Palm looks to gain ground in Asia

Handheld device maker is betting on emerging markets; analyst says vendor must step up development efforts to fend off rivals.
Written by Victoria Ho, Contributor on

Palm plans to expand in Asia's emerging markets, but is it enough to give the handheld device maker the boost it needs?

Karthik Srinivasan, Palm's Asia-Pacific managing director, told ZDNet Asia in an interview that the company plans to expand its reach and strengthen its partner relationships.

"Our Vodafone relationship now extends into Asia-Pacific, and we're looking to expand that in the region to reach more people. We also want to broaden our audience," said Srinivasan. He added that the Palm Treo 500v, which has a lower price point, is its "first step in that direction".

"We are expanding into countries like China and India--launching a product with China Mobile and AirTel...the opportunity in these two countries is huge. People are increasingly willing to spend on gadgets there," said Srinivasan.

According to Aloysius Choong, IDC Asia-Pacific's senior analyst for personal systems, Palm will need to ramp up its development efforts to fight off the growing competition.

Said Choong in an e-mail: "While the new Treo 500v device will help Palm target emerging markets like India, we think the device maker has to speed up its overall development efforts at a time when the likes of HTC, Nokia and (soon) Apple are cranking up the pressure in the converged [device] market.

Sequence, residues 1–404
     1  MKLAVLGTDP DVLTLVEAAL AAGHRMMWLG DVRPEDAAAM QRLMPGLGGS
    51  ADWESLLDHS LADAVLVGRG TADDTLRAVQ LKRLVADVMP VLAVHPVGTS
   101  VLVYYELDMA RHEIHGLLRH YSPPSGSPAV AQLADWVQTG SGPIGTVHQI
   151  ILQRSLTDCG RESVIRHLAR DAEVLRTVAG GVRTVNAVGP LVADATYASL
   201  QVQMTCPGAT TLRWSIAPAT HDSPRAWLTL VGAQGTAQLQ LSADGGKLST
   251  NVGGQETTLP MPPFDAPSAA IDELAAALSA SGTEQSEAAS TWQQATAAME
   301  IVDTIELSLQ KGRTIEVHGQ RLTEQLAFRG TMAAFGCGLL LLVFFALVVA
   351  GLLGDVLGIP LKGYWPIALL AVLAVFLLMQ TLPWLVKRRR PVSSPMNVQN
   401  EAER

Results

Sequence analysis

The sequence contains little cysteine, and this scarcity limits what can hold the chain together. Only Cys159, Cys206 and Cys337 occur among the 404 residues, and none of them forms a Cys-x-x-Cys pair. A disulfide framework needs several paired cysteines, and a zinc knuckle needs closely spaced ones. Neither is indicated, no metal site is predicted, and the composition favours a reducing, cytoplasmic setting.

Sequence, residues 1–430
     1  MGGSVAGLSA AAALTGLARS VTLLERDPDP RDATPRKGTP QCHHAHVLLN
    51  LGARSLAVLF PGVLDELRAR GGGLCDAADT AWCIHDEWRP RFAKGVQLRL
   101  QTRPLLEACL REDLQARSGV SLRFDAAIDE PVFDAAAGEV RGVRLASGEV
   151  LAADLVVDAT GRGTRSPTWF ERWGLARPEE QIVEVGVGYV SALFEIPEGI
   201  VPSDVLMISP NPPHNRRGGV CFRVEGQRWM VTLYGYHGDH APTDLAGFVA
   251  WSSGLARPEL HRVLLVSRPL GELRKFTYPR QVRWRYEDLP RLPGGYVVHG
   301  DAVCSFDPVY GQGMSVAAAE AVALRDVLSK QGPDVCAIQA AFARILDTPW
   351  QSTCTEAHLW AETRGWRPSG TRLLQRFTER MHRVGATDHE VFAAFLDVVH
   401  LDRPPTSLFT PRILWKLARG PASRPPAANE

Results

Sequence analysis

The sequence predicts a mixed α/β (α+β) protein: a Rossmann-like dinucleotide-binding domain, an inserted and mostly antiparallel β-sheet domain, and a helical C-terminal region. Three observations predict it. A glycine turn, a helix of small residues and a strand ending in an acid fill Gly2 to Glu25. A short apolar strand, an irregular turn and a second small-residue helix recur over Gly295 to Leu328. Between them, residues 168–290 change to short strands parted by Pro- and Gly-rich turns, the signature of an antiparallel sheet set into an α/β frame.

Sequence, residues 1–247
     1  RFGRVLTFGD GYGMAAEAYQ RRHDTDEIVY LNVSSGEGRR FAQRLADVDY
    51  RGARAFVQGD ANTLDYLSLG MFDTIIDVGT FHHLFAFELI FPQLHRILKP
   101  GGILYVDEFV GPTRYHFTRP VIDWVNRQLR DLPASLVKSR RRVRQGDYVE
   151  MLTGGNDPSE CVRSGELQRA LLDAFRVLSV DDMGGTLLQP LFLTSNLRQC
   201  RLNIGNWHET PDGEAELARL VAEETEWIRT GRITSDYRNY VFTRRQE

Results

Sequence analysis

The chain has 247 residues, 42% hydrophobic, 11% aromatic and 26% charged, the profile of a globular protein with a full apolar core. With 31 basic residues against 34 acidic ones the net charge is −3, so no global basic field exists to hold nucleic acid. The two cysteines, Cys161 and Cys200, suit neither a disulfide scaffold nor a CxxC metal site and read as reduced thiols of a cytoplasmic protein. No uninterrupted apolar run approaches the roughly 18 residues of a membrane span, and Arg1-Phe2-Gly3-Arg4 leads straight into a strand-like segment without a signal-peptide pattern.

"Palm can perhaps take a lesson from [RIM], which has opened new markets and segments in Asia with its Pearl and Curve," added Choong, referring to the BlackBerry maker's devices targeted at the consumer segment instead of its traditional enterprise market.

Palm's converged device shipments hit a high in the region in the first quarter of 2007, "but has steadily declined since", the IDC analyst added.

Palm recently posted a loss for the first time in four years in its latest fiscal quarter ended Aug. 31, adding to speculation on Palm's future.

However, Srinivasan said, it was nothing to be alarmed about and is not "an indication of things to come".

"The loss was due to the one-time costs we have absorbed with regard to patent acquisition and operational costs, to the tune of US$6.6 million in restructuring costs and some US$5 million in patent acquisitions," said Srinivasan.

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